The freight industry is essential to the economic vitality of the United States. Trucks carry most of the tonnage and value of freight in the nation, and the American Trucking Associations (ATA) forecasts a 23.5% growth in truck freight tonnage by 2025. This projected growth will put tremendous stress on the road infrastructure and the trucking industry. Rapid development in connected and autonomous technology has the potential to help the nation meet the projected freight growth safely and efficiently.
The trucking industry has historically been an early adopter of technology, and in May 2015, a major manufacturer introduced two trucks that can operate in autonomous mode using a combination of camera technology and radar with lane tracking, collision avoidance, speed control, braking, steering, and other monitoring systems that meet NHTSA’s Level 3 autonomous vehicle definitions. These technologies need to be tested and assessed on public roads, but currently, only five jurisdictions – California, Nevada, Michigan, Florida, and the District of Columbia – allow their testing or operation. To facilitate the adoption and implementation of connected and autonomous freight vehicles, the regulatory, planning, policy, operational, technical, and commercial implications of these technologies need to be evaluated.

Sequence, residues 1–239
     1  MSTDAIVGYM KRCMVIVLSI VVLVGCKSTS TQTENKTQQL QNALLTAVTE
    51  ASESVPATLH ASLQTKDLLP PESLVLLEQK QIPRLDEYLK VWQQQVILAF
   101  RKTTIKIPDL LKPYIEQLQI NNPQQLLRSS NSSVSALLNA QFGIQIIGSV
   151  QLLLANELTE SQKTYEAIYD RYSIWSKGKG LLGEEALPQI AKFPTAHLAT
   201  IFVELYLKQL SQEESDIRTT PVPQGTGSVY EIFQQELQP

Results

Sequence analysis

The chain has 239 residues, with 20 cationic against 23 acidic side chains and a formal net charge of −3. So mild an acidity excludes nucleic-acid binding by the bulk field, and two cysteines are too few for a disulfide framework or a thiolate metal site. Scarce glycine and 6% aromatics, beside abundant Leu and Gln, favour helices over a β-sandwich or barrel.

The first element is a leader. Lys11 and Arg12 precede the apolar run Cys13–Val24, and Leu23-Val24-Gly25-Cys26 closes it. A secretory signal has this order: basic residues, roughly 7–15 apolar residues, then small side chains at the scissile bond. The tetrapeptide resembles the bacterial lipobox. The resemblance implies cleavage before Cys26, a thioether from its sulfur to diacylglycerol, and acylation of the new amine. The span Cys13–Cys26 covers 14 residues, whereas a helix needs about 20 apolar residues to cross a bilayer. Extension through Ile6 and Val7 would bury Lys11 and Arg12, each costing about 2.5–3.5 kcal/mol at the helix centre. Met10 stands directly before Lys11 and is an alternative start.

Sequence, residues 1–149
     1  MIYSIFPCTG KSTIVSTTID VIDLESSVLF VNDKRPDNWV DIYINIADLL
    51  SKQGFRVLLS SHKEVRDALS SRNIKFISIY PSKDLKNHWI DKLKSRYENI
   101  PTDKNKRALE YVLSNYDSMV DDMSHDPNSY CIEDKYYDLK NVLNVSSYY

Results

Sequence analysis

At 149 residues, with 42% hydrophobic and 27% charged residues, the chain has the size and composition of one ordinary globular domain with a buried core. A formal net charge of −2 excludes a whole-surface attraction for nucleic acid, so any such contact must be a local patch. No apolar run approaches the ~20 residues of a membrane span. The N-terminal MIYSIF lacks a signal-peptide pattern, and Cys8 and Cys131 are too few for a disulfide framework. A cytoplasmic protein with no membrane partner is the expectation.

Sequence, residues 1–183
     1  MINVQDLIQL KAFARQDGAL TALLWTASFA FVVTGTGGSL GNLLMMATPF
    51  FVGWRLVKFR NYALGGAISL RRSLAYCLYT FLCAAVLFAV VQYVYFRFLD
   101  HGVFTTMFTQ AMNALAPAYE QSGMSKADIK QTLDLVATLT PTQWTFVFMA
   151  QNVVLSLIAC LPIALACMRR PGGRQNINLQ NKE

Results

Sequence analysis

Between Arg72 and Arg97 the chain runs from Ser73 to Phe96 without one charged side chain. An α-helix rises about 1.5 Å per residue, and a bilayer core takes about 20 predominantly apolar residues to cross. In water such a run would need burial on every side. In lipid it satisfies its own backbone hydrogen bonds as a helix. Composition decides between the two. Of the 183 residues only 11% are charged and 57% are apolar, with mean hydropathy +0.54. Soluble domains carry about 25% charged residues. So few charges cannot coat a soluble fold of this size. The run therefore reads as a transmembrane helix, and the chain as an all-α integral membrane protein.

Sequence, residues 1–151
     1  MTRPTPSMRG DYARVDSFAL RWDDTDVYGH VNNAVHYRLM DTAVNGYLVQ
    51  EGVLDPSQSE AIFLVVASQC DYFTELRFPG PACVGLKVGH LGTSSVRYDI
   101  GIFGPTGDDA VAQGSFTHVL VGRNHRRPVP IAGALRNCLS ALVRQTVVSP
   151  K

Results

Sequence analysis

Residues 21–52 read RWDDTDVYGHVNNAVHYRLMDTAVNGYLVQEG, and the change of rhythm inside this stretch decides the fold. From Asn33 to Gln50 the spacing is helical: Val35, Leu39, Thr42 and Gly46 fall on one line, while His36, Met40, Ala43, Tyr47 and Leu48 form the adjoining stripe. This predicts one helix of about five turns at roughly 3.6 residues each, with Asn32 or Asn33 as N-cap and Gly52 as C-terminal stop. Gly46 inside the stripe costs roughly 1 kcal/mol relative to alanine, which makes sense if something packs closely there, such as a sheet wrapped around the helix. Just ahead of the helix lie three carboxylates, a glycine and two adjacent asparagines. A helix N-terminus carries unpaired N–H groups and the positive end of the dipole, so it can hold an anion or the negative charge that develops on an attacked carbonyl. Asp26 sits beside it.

The objectives of this research were to (1) identify and describe existing and emerging freight regulatory, planning, policy, and operational environments and challenges for connected and autonomous truck technologies; (2) identify public and private sector barriers to, and opportunities for implementation of these technologies in freight operations; and (3) propose next steps for addressing the challenges for deployment and adoption.